The Last Airbender: Was it Worth it? (W6)
The primary text that I’m writing on is the movie “The Last Airbender” directed by M. Night Shyamalan. This movie was released in 2010 but still is remembered as one of the worst films of its genre today. Now, the movie itself was not bad if a person had walked into the theatre without any previous context to what the movie was actually about but for the more realistic case, being everyone who went to see the movie saw or knew about the cartoon from which it was derived, it was a huge disappointment. However, I’m not here to criticize just the movie itself but to criticize the person in charge of creating it, the director. M. Night Shyamalan was praised by fans of the cartoon Avatar: The Last Airbender for taking on the task of turning that amazing animated show into a live action film. However, fans were not aware that Shyamalan was going to add in a twist to the original story, like he did with all of the other films he had written and directed. That twist he decided to make is what I’ll be criticizing. Here are some scenes from the film that will help me explain my criticisms.
Katara’s Voice: “The Four Nations: Water, Earth, Fire and Air Nomads lived amongst each other in harmony.
Great respect was afforded to all those who could bend their natural element.
The Avatar was the only person born amongst all the nations who could master all four elements.”
Katara: “This is where you lived?”
Aang: “They must be playing some trick or something, Monk Gyatso is going to try and jump out and scare me at any moment.
He’s the teacher responsible for me. He’s kind of like my father.”
Katara: “Is it okay if you tell me your name?”
Aang: “The monks named me Aang.”
Aang: “What do you want with me?”
Iroh: “My nephew wants me to perform a little test on you.”
Aang: “What kind of test?”
Iroh: “I assure you it won’t hurt, I’ve performed it hundreds of times. It only takes a few moments and then you’re free to go.
Would you mind if I put a few things in front of you on the table? It will only take a moment.”
Aang: “That’s all you want?”
Iroh: “I’m Iroh, and you have my word.”
The problems I have within those passages my not make sense when read as much as they are when heard. Nonetheless, even when heard they don’t make sense to a person not familiar with the original show, so I’ll explain. In the original series the title word “Avatar” is pronounced using the letter “a” sound similar to that heard when saying the word “apple”. However, in the movie it was pronounced with the letter “o” sound similar to what’s heard when saying “operation”. A similar thing was done when pronouncing the main character’s name — instead of “Aang” which uses the long “a” sound like “angel” it is pronounced “Ong” also with the same “o” sound in “operation”. A change also happened with the pronunciation of another character’s name, Iroh, which is pronounced “eye-row” in the original TV series but “ear-row” in the movie. Now, my criticisms aren’t specifically with the characters names but with the reason Shyamalan gave to justify changing the names. In this essay I will be criticizing the extent of which M. Night Shyamalan used cultural appreciation and considered race when creating The Last Airbender movie, opposed to how much he claimed he actually did.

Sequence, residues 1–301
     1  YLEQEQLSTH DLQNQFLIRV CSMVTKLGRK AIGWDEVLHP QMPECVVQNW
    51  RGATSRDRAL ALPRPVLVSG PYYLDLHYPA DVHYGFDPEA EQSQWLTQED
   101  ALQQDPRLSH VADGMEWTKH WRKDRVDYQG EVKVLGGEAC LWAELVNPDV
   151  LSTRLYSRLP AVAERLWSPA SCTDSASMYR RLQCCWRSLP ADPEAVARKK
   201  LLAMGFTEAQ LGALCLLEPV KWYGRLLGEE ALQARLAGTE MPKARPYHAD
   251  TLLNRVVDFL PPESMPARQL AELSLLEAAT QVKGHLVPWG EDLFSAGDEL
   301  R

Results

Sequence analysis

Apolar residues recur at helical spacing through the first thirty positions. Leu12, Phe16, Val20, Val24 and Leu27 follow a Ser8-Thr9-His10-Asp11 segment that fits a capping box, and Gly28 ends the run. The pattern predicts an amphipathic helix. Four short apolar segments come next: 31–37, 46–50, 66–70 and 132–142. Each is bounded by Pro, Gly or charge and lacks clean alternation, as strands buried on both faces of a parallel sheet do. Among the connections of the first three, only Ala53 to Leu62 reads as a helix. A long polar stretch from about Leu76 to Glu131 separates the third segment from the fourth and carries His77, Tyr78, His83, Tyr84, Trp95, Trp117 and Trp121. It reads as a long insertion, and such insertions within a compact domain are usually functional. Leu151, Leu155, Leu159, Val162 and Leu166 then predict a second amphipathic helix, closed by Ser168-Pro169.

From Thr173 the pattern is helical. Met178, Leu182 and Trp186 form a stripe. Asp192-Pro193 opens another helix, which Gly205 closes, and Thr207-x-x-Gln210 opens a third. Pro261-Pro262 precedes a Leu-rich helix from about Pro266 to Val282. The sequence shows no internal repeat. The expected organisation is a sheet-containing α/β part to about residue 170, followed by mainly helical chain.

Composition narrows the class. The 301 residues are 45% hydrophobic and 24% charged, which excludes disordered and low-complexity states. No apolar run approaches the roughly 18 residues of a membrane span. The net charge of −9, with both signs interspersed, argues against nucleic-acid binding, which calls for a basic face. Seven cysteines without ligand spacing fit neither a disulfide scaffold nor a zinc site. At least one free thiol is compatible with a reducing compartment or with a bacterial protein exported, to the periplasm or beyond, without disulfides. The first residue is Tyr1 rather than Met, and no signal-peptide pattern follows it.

Shyamalan said that the reason he changed those pronunciations was because he felt that it was, in a sense, respecting the Asian culture from which the original series was somewhat derived from. Now background on the original series, Avatar: The Last Airbender was not based in any part of Asia or even the real world for that matter, it was based in a completely made up and fictional world that, in Shyamalan’s defense, did have a strong Eastern-Asian influence. Nevertheless, because of other aspects of the movie that reasoning was not being bought by fans or the original series’ creators. Shyamalan claimed that he wanted to add our world’s Eastern-Asian culture to the movie yet there weren’t any Easter-Asian or Asian-American main characters in the film. Based on the clothing, skin tones and other factors found in the characters of the original series it has been deciphered that the four ethnic groups depicted in the series stem from Inuit, Chinese, Korean and Tibetan influences. Yet, there weren’t any Inuit, Chinese, Korean or Tibetan people playing main character roles in the film. I, along with many other fans, don’t accept the idea that he could not have found Asian actors to portray these characters but for this essay’s sack I will humor that thought. Many characters in the original series could have been portrayed by Caucasian people, and there were in fact Caucasian people in the film but they weren’t playing the roles they should have been. From skin tone factors alone, a European decent person could have played a Chinese or Korean based character and a Middle Eastern, African, or even Hispanic decent person could get away with playing an Inuit or Tibetan character — but that did not happen. Actually the complete opposite happened. As far as main characters go, Dev Patel and Aasif Mandvi, who are Middle Eastern decent, played Chinese and Korean like characters; while Nicola Peltz and Jackson Rathbone, both Caucasian, played Inuit like characters. So naturally, before the film was released and the name pronunciations were an issue, a race issue was brought into play. Many fans and critics felt that, in a fictional world where the “brown people” were portrayed as the good guys and the “white people” the bad, M. Night was bringing our world views into play when casting in a reverse fashion. Even for the people who didn’t care much for the racial issue that question was just, “Why?” Why would he change around the roles and then not even add in an Eastern-Asian character even though he was proposing that the reason he changed names was supposedly to respect the Eastern-Asian culture. Also, on top of it all, was all of that even worth doing looking back on how the world reacted to the final product.